1973 Volkswagen Beetle Restoration | Part 3

Posted: March 5, 2016 in Automotive
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1973 Volkswagen Beetle Restoration, Part 3: Engine & Exterior

1973 VW volkswagen super beetle bug

When I look at these old pictures of my bug, I can’t help but miss the way it was.  Dents, dings, bits of rust, mismatched fenders…it was what I bought and, to me, “it had the look.”  I’m not too sure, as I think back on the restoration process, what drove me…I didn’t really have a vision.  In reality, I had very little automotive experience.  What the car reminds me of now is how much it changed me.  It helped me grow from an average admirer of vintage vehicles to a person who has a much deeper appreciation of the process, dedication and skill required to accomplish auto restoration.  As I believe the beetle holds the record for the longest-running body type of all time, I’ll spare most of the details and attempt to cover the parts of my restoration which are on the ends of the spectrum of good and bad.

True to novice form, I actually had the car painted before the engine work was completed (or started for that matter).  This is a pretty good car to make that mistake on because, of course, the engine is removed from underneath the car.

1973 VW volkswagen super beetle bug

For me, the most difficult item to find for this engine was a K & N Filter to fit the Air Cleaner shown.  I know enthusiasts swear by the stock cleaner, but I haven’t really seen any negative effects of the supposedly erratic air flow created by this style cleaner.  My two favorite modifications are the Gene Berg Oil Temperature Dip Stick and the SCAT Serpentine Belt System.  If your a fan of EMPI you can also check out their comparable Polished Aluminum Pulley System (paid link) as well.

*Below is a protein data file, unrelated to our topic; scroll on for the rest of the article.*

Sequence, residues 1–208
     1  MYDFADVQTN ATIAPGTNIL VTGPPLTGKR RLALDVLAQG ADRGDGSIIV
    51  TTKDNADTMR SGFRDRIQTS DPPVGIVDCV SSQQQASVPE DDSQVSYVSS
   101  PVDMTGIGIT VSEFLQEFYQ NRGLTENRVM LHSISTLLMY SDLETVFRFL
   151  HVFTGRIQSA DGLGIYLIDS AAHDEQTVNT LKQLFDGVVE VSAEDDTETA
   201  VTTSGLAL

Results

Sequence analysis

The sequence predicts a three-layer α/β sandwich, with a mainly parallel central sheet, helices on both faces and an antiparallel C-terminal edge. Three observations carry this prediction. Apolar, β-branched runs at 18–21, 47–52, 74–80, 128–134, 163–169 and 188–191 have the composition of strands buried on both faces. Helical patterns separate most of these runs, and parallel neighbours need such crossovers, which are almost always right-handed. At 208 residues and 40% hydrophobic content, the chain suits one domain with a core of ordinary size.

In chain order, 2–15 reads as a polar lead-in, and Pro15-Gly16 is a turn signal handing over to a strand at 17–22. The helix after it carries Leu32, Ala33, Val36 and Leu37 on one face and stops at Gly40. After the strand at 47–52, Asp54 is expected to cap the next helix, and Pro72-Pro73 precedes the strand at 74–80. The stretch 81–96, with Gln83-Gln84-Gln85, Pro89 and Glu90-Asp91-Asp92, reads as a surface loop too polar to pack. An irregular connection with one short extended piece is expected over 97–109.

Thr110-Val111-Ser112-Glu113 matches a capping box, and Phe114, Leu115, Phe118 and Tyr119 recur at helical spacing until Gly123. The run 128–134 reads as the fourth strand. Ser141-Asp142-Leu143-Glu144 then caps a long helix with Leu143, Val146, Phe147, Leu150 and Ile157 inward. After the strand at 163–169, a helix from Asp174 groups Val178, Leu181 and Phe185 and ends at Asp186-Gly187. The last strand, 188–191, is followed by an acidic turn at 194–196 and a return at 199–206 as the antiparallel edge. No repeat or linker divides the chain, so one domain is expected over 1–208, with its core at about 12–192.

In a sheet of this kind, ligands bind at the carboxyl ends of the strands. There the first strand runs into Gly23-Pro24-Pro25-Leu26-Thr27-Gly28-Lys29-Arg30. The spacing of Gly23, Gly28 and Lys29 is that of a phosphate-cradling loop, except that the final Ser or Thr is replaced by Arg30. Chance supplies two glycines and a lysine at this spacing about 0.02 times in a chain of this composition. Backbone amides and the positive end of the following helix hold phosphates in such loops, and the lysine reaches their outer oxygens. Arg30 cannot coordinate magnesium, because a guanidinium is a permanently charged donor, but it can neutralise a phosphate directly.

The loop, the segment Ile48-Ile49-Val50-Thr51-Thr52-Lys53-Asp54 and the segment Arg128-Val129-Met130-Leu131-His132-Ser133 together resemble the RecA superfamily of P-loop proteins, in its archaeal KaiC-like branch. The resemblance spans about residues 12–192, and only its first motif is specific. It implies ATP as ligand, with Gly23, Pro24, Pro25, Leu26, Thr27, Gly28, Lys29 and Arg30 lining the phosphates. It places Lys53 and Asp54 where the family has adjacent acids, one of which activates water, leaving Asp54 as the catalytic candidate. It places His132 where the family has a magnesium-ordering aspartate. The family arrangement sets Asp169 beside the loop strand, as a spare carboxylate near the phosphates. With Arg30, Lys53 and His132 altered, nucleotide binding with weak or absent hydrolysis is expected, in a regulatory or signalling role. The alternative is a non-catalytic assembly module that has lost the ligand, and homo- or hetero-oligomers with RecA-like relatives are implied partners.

1973 Super Beetle VW Volkswagen 3 modified

After the decklid is closed, there isn’t much to see back here except the CURT trailer hitch (paid link).  Yes, the beetle can tow!  I mostly use the hitch to haul and launch my 14’ foot aluminum jon boat.  Since there’s usually more beetles than anyone wants to see at car shows, this is where my bug really gets some attention.  On the back end, I also refit the entire muffler system.  My biggest complaint is the chrome tailpipes.  There’s just no way to stop them from rusting.  Mid America Motorworks lists a set made of polished stainless steel, which I am sure are much more resilient.  The only issue for me is that anytime I go to make the purchase they are out of stock.

The question I get the most about my Super Beetle is, “Is that (truck) bed liner on your fenders?”  The answer is yes.  The story behind the bed liner is also telling of my level of experience when I was completing this project.  As you can see in the first picture, the passenger side rear fender was damaged.  I proceeded to hit the fender with a hammer (a wooden handled, homeowner type hammer) until it appeared to be close to normal.  Then, using body filler for the first time, I called myself doing body work.  The truth of the matter is that the bed liner was something that came to mind when I was searching for a way to mask my shady workmanship.  So in a nutshell, this is the story that usually starts every conversation I have about this car.  Inadvertently, total strangers constantly remind me that if I reach my hand underneath that fender, I can literally count the dents and tell how many times I hit it.  It is of note that the particular bed liner I used was Herculiner (paid link).  While it was very easy to apply (it rolls on with a paint roller), it faded tremendously over the first summer, in a matter of months.  At the time I didn’t know that it wasn’t UV resistant, so to fix the mess, I merely taped the car off and spray painted the fenders gloss black and then clear coated them.  That fix has held up (for the most part) for over 3 years.

1973 VW volkswagen super beetle bug

All in all I am happy with the car.  I usually find something to mess with on it from time to time, even though I usually refer to the project as being complete.  In reality, the 2 biggest mistakes I feel like I made are 1) trying to use body filler to fill in the louvers underneath the windshield and 2) not replacing the hood and decklid seal channels.  With all that I have learned over the past couple of years, I’ll definitely dig back into this car at some point, but for now, I just enjoy driving it and sharing my experiences with others.

Jordache Williams | Atlas Concepts
Jordache Williams
, of Rock Hill, South Carolina, is the Program Manager for Atlas Concepts, LLC.  He understands that sometimes a small piece of information is the difference between success and failure. His contributions to the Shop Talk blog are purposed with sharing relevant information based on his own experiences.


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